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  • Brush On A Battery

    Interesting idea:

    http://machinedesign.com/materials/t...2cc70ed80aadc6

    They are painting on alternate P type and N type coatings on a surface that sees temperature gradients and getting electric power out. About 4 mW per sq cm or 1/40 Watt per sq in.

    It's in the lab stage but I wonder what it costs.
    Paul A.
    SE Texas

    Make it fit.
    You can't win and there IS a penalty for trying!

  • #2
    perfect solution for certain cooling fan operations where there is not already a rotating motor involved, connected to a high efficiency fan motor, components start to warm up - fan comes on in various stages according to heat generated... sounds good on paper anyways...

    like in PC's we just talked about - one of the bennies would be less dust collection --- when the machine is not putting out the fan is either off or barely moving...

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    • #3
      Be interesting to see what kind of heat range it would handle.Can think of a few good uses for it even if it does have a narrow working range.

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      • #4
        The problem with all these "Heat" power generating schemes is, It's not just heat but the Temperature DIFFERENCE between the hot and cold junctions
        that "do the trick". SO how do you get the cold junction to not just heat up by the conduction through the junction?
        ...lew...

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        • #5
          Originally posted by Lew Hartswick View Post
          The problem with all these "Heat" power generating schemes is, It's not just heat but the Temperature DIFFERENCE between the hot and cold junctions
          that "do the trick". SO how do you get the cold junction to not just heat up by the conduction through the junction?
          ...lew...
          They are the Sterling engine of the electrical paint world,,, so maybe part of the plan is to power a fan with it that's directed more at the cold junction, same with what you do for the cold side of the sterling engine...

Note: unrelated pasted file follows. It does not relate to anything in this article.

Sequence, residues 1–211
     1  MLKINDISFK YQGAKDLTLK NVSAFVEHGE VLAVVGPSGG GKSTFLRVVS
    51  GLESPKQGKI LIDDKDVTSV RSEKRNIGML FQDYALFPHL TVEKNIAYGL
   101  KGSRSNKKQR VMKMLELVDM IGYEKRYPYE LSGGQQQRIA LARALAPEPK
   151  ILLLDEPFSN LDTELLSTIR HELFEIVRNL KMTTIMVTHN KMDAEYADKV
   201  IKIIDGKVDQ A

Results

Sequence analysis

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          • #6
            These seem to be related to those solid state refrigeration panels that are seen in coolers. You run current through the panel and one side gets hot and the other side gets cold. The cold side faces into the box. To get any efficency the hot side has to be air cooled with a fan or water cooled. In boat refrigerators, a small pump just circulates sea water. I know this is not exactly the same thing. Tbermocouples used for temperature measurement are exactly the same thing. Two different metal wires are spot welded together and a voltage appears across the wires that is proportional to the temperature

            Sent from my SM-G900V using Tapatalk

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            • #7
              Originally posted by A.K. Boomer View Post
              They are the Sterling engine of the electrical paint world,,, so maybe part of the plan is to power a fan with it that's directed more at the cold junction, same with what you do for the cold side of the sterling engine...
              Boomer, maybe this is an attempt to do the perpetual motion deal. :-) Use part of the electricity to run a fan to cool the "cold" jct. and some of it to heat the "hot" jct. and as the Brits say. Bobs Your Uncle. :-)
              ...lew...

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              • #8
                For a second i thought we were both gonna be rich!

                but no such luck heat variance engines or electrical producing paint don't fall into the perpetual motion deal, unless they can produce enough heat variance within themselves to keep going - which they can't - so looks like were both going to get a lump of coal for X-mas again Lew :-( look on the bright side - least we get to keep warm, back to the drawing board.

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